In my last post, I started unfolding my five projects in five places – one on the water, one on land, one in a box, one in envelopes and one under the eye and wing of my mentor Clare Pollard. I started with Aft, my poem for Matilda the Bristol Ferry. This week, I’m looking back at my year with the Jerwood / Arvon Mentoring Scheme which came to an end one month ago today with the launch of Wassailing!
First things first: Arvon is an incredible generous joy of an organisation. It was on an Arvon course that I’d be called a poet. For the first time and like it was bloody obvious. I’ll always be grateful for that.
If you can, apply for a residential course at one of their centres. There are grants available and you’ll be eating breakfast with your heroes (who are at first the tutors and then, day by day, are all the other writers who arrive from their lives to write for a week, who share their new poem after the workshop, who keep in touch with news of their next poem, their next book).
The Jerwood / Arvon Mentoring Scheme is open to those who have attended a course. So, if that’s you: apply. Even just writing out the application letter, thinking about who you are as a writer and where you want your writing to take you will be a valuable thing you can do for yourself and your work at an early stage. Should you be invited to join the scheme, it will be invaluable.
Looking back on my year, I can’t believe how much I have done and how differently I am doing it. There has been the grotto, the teaching, the pamphlet, and, behind the scenes, the poems. Clare has been there throughout, coaxing, cursing and gracefully nutting some sense into me. It’s been brilliant and it’s been brutal. An ideal balance and exactly what I needed.
And to think I’ve been able to star jump through all these training montages alongside the real life blazing superstar that is Deborah Stevenson and the brightest lodestar Ian Dudley, two of the most committed, most kind, most hilarious poets I’ve ever been lucky enough to know. I am so grateful for their poetry and their friendship. Keep an eye out for both of them.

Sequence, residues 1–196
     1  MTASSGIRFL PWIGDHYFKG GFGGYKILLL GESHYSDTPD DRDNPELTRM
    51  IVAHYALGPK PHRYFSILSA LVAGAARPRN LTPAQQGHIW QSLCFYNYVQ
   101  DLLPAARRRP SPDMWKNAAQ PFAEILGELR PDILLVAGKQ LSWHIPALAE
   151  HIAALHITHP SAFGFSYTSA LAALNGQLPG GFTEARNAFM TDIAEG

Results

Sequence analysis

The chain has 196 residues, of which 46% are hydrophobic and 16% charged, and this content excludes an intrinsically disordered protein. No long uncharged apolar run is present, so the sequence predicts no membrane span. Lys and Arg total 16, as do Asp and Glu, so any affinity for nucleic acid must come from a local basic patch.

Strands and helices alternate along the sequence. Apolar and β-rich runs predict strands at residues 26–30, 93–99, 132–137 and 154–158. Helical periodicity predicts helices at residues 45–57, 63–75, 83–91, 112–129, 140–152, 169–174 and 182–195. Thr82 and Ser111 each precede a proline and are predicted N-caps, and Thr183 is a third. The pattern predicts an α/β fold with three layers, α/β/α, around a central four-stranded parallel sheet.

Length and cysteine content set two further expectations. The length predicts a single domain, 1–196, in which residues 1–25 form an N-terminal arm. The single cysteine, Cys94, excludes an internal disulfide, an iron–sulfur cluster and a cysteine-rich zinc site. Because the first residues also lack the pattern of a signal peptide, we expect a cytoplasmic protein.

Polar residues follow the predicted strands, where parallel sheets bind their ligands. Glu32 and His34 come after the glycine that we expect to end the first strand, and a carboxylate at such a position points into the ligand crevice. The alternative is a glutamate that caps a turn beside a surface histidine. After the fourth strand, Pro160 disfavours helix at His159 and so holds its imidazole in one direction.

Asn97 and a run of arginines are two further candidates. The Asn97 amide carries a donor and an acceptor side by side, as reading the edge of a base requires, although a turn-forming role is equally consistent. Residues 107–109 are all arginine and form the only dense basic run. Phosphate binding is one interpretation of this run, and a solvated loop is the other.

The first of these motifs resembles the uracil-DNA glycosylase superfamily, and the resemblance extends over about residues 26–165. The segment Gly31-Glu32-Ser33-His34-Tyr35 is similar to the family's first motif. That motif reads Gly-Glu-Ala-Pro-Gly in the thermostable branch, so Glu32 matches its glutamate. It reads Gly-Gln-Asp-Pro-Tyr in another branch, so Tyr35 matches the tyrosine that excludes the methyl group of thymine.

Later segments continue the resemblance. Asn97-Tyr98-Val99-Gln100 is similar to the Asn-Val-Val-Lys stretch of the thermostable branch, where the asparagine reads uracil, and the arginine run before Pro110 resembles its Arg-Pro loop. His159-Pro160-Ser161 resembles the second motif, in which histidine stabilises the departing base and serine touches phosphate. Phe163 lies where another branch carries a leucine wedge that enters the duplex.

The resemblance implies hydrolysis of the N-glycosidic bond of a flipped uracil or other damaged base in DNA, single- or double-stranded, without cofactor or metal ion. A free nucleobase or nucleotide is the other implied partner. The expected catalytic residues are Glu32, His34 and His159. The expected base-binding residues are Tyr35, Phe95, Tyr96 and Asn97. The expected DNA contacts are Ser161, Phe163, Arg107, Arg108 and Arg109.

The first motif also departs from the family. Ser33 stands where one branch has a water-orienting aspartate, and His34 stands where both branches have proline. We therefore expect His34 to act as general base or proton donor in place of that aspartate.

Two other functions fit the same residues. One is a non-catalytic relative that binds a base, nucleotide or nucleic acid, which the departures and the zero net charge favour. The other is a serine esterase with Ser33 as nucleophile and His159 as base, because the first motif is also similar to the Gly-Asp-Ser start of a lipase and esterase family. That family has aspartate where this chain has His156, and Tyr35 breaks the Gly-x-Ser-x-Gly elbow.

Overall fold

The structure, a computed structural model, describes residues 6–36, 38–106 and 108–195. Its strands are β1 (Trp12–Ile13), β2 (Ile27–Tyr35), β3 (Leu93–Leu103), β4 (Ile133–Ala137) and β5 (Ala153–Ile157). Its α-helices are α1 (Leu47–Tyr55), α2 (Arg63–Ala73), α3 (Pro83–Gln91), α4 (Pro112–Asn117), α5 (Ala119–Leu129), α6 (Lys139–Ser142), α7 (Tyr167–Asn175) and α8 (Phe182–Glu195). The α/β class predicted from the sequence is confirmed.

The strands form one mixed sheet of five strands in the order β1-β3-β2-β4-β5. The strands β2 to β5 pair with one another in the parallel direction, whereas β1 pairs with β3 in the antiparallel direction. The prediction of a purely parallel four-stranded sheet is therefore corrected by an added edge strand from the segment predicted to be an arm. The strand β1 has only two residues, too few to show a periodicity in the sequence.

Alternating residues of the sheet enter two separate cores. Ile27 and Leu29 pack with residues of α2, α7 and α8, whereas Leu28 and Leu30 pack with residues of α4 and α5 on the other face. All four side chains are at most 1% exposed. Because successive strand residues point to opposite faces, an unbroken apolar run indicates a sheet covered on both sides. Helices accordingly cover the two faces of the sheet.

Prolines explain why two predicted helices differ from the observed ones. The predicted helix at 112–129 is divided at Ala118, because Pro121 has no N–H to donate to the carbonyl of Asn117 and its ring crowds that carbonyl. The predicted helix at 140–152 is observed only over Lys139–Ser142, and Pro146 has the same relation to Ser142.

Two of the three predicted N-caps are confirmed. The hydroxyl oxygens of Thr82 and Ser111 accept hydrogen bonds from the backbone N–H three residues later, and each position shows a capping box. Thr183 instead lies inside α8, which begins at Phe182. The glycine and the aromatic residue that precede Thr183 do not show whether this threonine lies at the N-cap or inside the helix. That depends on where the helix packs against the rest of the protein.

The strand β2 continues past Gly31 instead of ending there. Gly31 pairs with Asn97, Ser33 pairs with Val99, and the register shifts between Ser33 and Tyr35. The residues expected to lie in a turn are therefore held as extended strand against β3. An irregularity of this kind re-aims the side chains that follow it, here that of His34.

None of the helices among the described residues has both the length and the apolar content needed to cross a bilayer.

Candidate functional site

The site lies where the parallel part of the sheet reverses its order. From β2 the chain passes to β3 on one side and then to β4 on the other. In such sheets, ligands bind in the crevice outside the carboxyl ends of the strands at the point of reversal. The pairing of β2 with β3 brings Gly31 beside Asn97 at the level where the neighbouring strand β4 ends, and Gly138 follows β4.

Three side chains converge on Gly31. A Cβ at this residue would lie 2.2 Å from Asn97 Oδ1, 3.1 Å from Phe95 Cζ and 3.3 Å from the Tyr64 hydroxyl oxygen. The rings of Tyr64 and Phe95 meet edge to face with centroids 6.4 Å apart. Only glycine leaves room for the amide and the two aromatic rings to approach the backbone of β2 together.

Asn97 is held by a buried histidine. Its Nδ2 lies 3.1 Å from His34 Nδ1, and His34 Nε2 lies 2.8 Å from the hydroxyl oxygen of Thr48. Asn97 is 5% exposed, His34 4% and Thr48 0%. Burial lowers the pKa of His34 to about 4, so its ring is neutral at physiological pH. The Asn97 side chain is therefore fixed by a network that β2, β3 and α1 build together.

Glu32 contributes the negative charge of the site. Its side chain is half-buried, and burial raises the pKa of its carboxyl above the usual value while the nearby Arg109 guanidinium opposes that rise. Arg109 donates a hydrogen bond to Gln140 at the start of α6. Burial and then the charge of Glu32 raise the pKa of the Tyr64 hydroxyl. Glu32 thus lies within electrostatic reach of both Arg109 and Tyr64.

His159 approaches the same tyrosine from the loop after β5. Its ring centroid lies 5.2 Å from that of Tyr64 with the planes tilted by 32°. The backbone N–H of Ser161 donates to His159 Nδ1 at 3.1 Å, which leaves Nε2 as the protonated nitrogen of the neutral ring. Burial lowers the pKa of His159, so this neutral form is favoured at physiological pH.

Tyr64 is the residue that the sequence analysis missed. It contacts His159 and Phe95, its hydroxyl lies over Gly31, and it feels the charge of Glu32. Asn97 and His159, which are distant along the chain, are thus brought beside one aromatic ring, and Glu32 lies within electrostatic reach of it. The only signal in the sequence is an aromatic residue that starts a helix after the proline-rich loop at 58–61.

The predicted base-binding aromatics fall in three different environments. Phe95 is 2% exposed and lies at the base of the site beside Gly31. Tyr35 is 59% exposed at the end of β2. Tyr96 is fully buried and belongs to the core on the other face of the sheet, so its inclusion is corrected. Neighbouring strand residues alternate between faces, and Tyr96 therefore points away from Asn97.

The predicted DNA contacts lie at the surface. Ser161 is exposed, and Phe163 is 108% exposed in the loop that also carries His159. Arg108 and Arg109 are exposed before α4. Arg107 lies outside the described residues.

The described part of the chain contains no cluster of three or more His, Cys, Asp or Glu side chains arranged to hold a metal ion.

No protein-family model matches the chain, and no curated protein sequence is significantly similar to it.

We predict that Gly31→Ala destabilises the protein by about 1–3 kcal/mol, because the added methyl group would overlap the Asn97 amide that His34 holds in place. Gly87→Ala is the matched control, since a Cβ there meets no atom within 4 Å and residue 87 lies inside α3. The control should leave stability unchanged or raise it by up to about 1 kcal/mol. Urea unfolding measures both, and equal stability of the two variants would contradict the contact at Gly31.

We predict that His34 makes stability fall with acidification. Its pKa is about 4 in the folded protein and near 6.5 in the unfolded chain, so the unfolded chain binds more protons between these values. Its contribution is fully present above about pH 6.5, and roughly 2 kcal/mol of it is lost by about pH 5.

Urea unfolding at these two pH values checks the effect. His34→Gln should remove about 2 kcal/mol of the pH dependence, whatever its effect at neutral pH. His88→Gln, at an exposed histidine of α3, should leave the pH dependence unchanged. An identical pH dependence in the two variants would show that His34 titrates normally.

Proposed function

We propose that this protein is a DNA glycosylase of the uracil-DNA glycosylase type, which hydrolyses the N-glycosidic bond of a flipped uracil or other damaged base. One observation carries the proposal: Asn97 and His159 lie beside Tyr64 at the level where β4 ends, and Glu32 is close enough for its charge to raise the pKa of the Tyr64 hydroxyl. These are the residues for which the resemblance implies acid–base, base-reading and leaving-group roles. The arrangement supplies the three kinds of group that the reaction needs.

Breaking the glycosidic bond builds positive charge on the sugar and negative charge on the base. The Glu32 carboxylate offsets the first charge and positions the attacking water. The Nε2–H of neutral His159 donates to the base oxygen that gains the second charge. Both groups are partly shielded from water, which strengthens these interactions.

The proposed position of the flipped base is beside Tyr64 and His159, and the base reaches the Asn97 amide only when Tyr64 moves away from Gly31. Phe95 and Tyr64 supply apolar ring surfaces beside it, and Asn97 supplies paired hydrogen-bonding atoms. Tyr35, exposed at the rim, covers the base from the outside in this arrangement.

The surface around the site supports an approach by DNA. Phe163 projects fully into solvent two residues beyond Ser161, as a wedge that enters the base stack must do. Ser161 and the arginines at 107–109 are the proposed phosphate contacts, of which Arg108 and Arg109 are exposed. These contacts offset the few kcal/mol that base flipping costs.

And also for the novelists Sarah Franklin, Susie Hales, Grahame Williams and the playwrights Caroline Gray, Cathy Thomas and Andrew Thompson. Zoom out! This constellation is huge! Much dazzle.
In all seriousness, working alongside writers from other disciplines has been one of the most rewarding parts of the mentoring year. In our first week together, we had a poet and a novelist performing an improvised scene for David Eldridge, whose exercise restricted our vocabulary to months of the year, allowing us to think more carefully about the languages of intonation and silence. All I can say is that by March my heart was broken and the word July has been forever exploded into so many new parts. July, july, july. Oh july.
We ended our mentoring year at Totleigh Barton, leading workshops for each other, eating together and, after some persuasion and strong local cider, wassailing in the Totleigh Barton orchard. We banged sticks and dustbin lids and chanted the wassailers’ song:
Here stands a fine old apple tree.
Stand fast root!
Every little twig bear an apple big.
Hats full, caps full, three score sacks full.
And as it now reads on the back cover of our anthology which we named after this strange, grey day of loud and magic language:
“Back in the house and listening to each other read, we realised we were all performing a kind of wassailing in our writing. We were deep in the woods of our work, banging and crashing about as we composed a kind of charm, a spell of strong verbs to make something live – and bear fruit. So, we raise a cup to the next year. Wassail!”
And while I can’t wait to see what sort of wild and glittering fruit the next year has in store for the 2014/15 mentees, in my heart I hope it will be always be July. July Forever.
Thank you again to the Arvon Foundation and the Jerwood Charitable Foundation for making this sort of time travel a possibility for poets. And to Clare for getting me ready for August.